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North Carolina has limited doses of monoclonal antibodies for COVID patients

A cancer survivor who is vaccinated is now fighting a breakthrough COVID case. The drug that could help her is in short supply, and she likely won't get it.

GREENSBORO, N.C. — North Carolina is dealing with a critical shortage. The product is in high demand, and unfortunately, the federal government is not able to supply enough to keep up with that demand. The much-needed resource is monoclonal antibody medicine.

“Over the last several weeks, we have seen a massive increase in the total number of (COVID-19) cases in our community,” Dr. Brent McQuaid with Cone Health said.

Read: Hospitals plead for public to get vaccinated amid stark COVID patient numbers

The COVID-19 lead physician at Cone Health believes this latest variant of COVID-19 - omicron - is just as dangerous. He says the increasing number of patients is a tidal wave that isn't slowing down. 

“I can tell you as a health care provider and a leader, the concern is as high or higher than it’s ever been,” Dr. McQuaid said. 

On New Year’s Eve, Cone Health received 643 referrals for patients in need of the antibody, the facility is given seven doses a day by the state.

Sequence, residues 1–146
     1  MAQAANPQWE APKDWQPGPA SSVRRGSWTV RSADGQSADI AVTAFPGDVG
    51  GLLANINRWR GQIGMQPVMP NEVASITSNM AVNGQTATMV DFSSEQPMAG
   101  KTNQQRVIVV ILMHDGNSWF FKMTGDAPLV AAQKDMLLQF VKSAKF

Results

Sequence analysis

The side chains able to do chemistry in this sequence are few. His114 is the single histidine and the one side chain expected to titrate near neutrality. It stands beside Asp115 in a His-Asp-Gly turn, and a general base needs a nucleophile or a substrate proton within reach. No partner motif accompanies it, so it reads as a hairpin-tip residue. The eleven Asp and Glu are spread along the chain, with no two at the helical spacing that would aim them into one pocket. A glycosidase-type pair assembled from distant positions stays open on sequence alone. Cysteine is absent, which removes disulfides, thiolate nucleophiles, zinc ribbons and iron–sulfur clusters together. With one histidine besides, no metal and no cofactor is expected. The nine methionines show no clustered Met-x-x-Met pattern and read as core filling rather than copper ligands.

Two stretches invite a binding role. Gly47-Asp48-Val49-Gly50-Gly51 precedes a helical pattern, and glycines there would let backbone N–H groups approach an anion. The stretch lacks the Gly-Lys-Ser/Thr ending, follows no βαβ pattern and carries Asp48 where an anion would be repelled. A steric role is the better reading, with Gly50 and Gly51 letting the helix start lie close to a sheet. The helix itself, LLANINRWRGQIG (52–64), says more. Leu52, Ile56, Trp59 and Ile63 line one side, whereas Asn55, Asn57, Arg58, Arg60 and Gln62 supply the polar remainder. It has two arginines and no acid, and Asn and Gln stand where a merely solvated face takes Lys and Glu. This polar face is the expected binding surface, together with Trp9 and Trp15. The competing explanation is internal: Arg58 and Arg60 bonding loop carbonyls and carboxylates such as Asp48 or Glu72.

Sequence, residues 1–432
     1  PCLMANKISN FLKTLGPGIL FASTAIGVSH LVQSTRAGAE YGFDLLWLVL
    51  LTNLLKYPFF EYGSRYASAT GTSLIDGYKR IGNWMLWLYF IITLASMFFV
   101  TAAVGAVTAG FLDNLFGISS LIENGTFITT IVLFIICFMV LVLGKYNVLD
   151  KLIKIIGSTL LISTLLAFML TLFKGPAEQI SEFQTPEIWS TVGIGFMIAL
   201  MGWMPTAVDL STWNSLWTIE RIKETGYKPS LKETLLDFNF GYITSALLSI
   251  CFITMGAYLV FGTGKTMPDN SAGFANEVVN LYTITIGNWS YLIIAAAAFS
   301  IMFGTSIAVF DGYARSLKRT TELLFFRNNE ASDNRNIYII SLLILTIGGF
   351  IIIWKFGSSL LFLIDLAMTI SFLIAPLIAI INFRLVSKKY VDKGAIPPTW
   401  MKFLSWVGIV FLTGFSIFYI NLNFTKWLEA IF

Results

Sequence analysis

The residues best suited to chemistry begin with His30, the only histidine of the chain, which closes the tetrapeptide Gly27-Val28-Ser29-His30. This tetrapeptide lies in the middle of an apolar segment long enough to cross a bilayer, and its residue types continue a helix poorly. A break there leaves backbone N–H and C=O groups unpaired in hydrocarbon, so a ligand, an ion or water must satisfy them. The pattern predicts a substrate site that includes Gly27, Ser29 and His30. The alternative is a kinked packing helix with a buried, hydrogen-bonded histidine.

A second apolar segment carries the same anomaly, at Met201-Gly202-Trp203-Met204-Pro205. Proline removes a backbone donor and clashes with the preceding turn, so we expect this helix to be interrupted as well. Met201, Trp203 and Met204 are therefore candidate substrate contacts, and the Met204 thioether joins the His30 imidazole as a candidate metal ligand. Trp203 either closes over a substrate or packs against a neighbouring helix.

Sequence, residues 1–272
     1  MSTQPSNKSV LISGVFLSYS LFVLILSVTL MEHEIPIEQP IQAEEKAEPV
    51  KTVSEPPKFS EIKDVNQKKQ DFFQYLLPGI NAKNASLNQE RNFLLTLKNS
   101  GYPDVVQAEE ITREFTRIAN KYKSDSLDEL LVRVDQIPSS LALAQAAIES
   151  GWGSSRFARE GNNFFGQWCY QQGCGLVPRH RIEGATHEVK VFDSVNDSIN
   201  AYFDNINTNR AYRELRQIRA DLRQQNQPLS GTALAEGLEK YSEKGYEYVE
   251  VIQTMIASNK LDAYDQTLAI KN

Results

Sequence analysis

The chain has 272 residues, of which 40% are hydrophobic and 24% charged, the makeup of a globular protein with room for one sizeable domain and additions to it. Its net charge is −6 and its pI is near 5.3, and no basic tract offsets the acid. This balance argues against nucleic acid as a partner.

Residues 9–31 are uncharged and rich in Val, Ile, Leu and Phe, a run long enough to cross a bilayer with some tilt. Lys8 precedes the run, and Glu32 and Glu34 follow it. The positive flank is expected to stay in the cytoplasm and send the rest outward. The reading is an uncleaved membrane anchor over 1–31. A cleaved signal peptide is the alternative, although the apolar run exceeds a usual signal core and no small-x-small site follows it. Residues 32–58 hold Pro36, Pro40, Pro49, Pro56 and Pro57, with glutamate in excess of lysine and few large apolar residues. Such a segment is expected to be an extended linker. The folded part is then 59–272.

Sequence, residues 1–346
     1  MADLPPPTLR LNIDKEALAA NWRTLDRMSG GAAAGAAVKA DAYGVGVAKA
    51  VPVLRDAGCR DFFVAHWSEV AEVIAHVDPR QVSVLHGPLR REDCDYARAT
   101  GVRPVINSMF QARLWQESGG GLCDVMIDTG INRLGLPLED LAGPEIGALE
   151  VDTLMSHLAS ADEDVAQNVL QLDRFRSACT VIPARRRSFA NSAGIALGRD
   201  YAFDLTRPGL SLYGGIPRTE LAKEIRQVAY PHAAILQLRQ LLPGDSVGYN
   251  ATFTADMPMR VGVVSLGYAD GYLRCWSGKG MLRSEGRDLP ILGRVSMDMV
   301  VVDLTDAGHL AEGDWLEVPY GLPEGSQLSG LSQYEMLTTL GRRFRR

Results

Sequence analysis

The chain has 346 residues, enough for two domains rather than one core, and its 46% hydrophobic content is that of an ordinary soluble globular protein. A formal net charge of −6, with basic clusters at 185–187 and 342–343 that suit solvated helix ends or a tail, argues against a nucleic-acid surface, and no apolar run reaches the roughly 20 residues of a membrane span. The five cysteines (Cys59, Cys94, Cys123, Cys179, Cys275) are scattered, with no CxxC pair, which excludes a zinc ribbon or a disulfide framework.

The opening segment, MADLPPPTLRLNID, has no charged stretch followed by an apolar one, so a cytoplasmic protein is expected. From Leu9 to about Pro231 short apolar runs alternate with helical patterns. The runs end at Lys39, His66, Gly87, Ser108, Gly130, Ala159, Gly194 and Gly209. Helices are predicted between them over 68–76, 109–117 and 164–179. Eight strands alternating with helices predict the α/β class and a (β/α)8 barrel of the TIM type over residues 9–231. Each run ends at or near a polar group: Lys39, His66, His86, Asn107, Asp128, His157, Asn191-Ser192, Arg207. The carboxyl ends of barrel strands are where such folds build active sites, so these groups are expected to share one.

“I hate that. I wish we did (have more),” Dr. McQuaid said.

One of the recent referrals is for Deborah Brady, the cancer survivor who was diagnosed with COVID last Wednesday. Brady also suffers from heart problems, COPD, and one of her lungs was partially removed. Her pulmonologist suggested she get the antibody to help battle COVID-19.

“This has just been horrific on me. It’s been terrible,” Brady said.

The 70-year-old called her primary care physician to see if he could help in the process, but he couldn’t. Cone Health has a long waiting list of patients. The hospital uses a sophisticated algorithm to determine which patients get the antibody treatment.

“Unfortunately, with this omicron wave and the massive number of cases, we do not have the resources to treat everyone who needs (the antibody-drug),” Dr. McQuaid said.

Some of the factors that determine who is prioritized for the antibody are unvaccinated patients, the elderly, immune-compromised, and patients with medical conditions.

Brady meets almost all the categories, but unlike so many that are also in need, Brady is vaccinated.

“They may say I’m ahead of game, but I (don’t) feel like it right now,” Brady said.

Like many people waiting for a drug that will most likely not be available to her, Brady is frustrated with the process. She tells WFMY News 2 she contacted Cone Health about the antibody on Friday after her pulmonologist sent in the request. Brady said she was told someone would contact her in 48 hours, but she hasn't heard back. 

WFMY News 2 reached out to the North Carolina State Health Department to learn more about the number of doses the federal government provides. A spokesperson told us it received 978 patient courses of sotrovimab that were distributed to enrolled administration sites across the state.

Brady is still hoping to get a call but knows her time on the list is most likely running out. The drug is most effective if used within seven days of being diagnosed. Doctors would most likely administer it to someone recently diagnosed rather than give it to someone outside the seven-day window.